Critic's Notebook: Mexico City's new Soumaya Museum disappoints [Updated]
The new Soumaya Museum that opened in Mexico City late last month is a bit of a shock. The cause is not the building, which does add a striking profile to a redeveloping section of the city's upscale Polanco neighborhood.
New art museums pushing architectural envelopes are commonplace, and the Soumaya's eccentric, windowless, cinched-corset shape -- call it the "bustier building" -- is no different. Clad in hexagonal metal tiles, the computer-assisted design makes a techno-tizzy out of traditional Colonial Mexican, ceramic-tiled building facades.
The best news: Admission is free.
But the small shock is just how weak the museum's collection is, and how poorly the paintings, sculptures and decorative arts have been installed in the open floor plan galleries. Six big floors of displays offer, at best, less than two floors of museum-worthy art.
The top floor is a veritable football field crowded with scores of examples of the stuff, each on its own white pedestal. The forest of impossible-to-contemplate material even obscures significant works, such as fine terra cottas by Jean-Baptiste Carpeaux (1827-1875). The overhead fluorescent lighting is, well, fluorescent.
The net worth of Mexican telecom magnate Carlos Slim Helú, whose museum this is, is estimated by Forbes at upwards of $74 billion. (Slim is Forbes' answer to the question, "Who is the world's richest person?") The 150-foot-tall Soumaya tower is said to have cost about $70 million to build, though it's not quite finished. Young architect Fernando Romero, who formerly worked in the office of celebrated Dutch designer Rem Koolhaas, is no doubt tiring by now of being identified as Slim's son-in-law.
The collection is eclectic. One strength is Spanish and Spanish Colonial art. The latter is highlighted by a range of fine examples by José de Páez (1720-1790), a painter of refined Rococo religious piety, while the best of the former includes devotional paintings of saints by Francisco de Zurbaran (stripped down and nearly modern) and El Greco (Expressionist to the hilt).
Among an exceptional group of painted standing screens, including masterpieces by Juan Correa (1646-1716) and Miguel Cabrera (1695-1768), is a remarkable multi-panel depiction of the biblical flood by an anonymous artist (or artists). Gilded, Chinese-style clouds above the deluge betray its origins in Macau for the colonial export trade to Mexico or Spain.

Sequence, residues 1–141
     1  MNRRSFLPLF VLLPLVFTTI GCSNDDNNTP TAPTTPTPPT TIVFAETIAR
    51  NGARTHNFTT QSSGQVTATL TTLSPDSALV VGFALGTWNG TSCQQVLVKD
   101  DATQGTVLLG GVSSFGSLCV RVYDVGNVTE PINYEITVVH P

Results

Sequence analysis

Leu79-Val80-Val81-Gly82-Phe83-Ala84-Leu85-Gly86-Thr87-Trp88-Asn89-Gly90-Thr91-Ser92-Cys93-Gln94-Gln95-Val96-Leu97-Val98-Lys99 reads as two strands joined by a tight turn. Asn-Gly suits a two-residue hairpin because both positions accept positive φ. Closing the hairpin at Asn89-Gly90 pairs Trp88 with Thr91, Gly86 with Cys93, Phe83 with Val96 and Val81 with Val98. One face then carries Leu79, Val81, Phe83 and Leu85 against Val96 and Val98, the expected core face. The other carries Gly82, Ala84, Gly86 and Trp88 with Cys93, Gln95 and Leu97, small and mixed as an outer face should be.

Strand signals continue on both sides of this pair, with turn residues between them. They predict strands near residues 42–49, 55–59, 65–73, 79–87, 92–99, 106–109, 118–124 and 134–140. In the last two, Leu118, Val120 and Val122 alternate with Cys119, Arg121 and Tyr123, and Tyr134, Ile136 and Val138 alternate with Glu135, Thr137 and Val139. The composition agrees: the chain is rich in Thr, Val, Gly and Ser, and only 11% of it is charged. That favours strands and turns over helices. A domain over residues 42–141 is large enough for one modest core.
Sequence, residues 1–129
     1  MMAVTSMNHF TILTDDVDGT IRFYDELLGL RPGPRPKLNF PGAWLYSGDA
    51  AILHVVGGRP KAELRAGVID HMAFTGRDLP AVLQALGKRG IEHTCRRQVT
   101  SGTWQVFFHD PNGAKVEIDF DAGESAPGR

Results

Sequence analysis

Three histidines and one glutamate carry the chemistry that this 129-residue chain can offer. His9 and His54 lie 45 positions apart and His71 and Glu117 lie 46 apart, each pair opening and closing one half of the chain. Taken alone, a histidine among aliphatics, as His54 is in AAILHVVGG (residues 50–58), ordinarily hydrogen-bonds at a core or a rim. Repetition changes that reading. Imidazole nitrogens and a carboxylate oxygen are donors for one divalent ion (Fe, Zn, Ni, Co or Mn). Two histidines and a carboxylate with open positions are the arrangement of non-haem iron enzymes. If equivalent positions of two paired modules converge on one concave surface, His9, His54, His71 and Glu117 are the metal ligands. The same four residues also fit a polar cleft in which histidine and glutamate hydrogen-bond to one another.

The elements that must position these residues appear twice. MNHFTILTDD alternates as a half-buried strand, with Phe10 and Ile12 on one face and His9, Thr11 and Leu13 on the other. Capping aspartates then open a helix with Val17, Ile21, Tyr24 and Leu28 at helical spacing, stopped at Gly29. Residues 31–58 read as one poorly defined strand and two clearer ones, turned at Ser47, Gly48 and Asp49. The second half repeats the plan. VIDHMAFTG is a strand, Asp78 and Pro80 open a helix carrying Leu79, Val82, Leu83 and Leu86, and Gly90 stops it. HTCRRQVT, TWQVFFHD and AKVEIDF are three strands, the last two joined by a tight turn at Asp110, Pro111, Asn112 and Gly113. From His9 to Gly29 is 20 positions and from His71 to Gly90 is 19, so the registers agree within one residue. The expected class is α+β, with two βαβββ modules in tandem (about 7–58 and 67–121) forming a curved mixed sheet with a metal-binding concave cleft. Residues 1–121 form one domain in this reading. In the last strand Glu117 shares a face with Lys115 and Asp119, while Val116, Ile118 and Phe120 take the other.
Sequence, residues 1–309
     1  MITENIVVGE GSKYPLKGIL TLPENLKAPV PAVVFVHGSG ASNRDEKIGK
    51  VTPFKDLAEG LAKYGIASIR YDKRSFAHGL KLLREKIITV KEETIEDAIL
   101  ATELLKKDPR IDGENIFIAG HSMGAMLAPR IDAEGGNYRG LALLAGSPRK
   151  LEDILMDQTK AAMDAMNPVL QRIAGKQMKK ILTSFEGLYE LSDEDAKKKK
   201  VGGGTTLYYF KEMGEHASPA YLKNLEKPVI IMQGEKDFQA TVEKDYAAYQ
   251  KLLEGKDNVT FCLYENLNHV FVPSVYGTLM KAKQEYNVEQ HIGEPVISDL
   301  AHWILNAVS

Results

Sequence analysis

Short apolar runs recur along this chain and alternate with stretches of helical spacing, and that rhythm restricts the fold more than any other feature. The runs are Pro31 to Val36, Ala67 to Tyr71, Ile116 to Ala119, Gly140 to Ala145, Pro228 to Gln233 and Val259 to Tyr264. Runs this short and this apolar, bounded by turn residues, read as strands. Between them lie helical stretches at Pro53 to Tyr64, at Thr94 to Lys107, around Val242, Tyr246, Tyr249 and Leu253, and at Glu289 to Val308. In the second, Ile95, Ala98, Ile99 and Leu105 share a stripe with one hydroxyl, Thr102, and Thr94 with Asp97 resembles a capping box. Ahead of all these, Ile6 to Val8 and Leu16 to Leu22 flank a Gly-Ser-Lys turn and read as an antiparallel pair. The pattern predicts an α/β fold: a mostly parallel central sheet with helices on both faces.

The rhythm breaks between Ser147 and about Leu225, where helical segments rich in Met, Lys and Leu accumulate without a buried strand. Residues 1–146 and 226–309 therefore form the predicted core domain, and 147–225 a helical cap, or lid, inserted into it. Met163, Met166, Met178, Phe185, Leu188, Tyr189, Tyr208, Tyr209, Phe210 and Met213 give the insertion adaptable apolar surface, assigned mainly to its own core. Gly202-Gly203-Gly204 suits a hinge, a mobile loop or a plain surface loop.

Not much distinguishes the rest of the European art. A painting said to be by a follower of Leonardo da Vinci generally makes you wonder just how far behind he was following. A full-size bronze replica of Michelangelo's Vatican "Pietà" is a tourist souvenir.
The emergence of Mexican Modernism is not well traced in mostly minor landscapes by José María Velasco and Dr. Atl (Gerardo Murillo), which need to be strong to underscore the subsequent nationalist ferocity of Diego Rivera and David Alfaro Siqueiros. Good examples of their murals are here, but they're adrift, exploding out of nowhere. Nineteenth-century portraiture fares better, culminating in four by the eccentric, self-taught national treasure Hermenegildo Bustos (1832-1891).
Throughout, the museum installation feels rushed. What possesses a curator to position a large, finely wrought Spanish Colonial sculpture of the Christ child in a vitrine pushed up next to a bright-red fire extinguisher and an emergency-exit door? Overhead track lights illuminate the limed-wood floors at the base of free-standing walls, all stark white, apparently in an attempt to bounce indirect light onto paintings; instead, hot spots illuminate baseboards, while paintings are shadowed at the top.
Overall, the installation sags. Works are dispersed thematically -- saints here, Jesus over there, landscapes and Bible narratives around the corner. It would benefit from, say, grouping Paez's paintings and the uniquely Asian-style Colonial screens, most of which stand on too-narrow risers. Strength would build on strength, rather than being diluted. The absence of discreet rooms makes displays look jumbled.
The Pre-Columbian art is largely perfunctory, especially given the city's unparalleled Museum of Anthropology a few miles away. Ditto the Colonial furniture and decorative arts, which can't measure up to the great Franz Mayer Museum downtown. A large array of Impressionist and Post-Impressionist paintings and drawings (Monet, Renoir, Van Gogh, etc.) is uniformly poor, seemingly driven by close attention to an accumulation of brand names.
The difference between private art enthusiasms and public museum displays can be vast. The Soumaya is an object lesson in the perils. For now, despite large resources, art is not the emphasis in this vanity museum. The question is whether it will someday become the focus.
Update: Additional photos (Credit: Christopher Knight/Los Angeles Times) show some installation issues at the Museum:
-- Christopher Knight, in Mexico City
Photo: Salvador Dali's "The Triumphant Angel" in the top-floor gallery of the Soumaya Museum. Credit: Reuters. Museum interiors photo credit: David Rochkind / Bloomberg, and AFP / Getty Images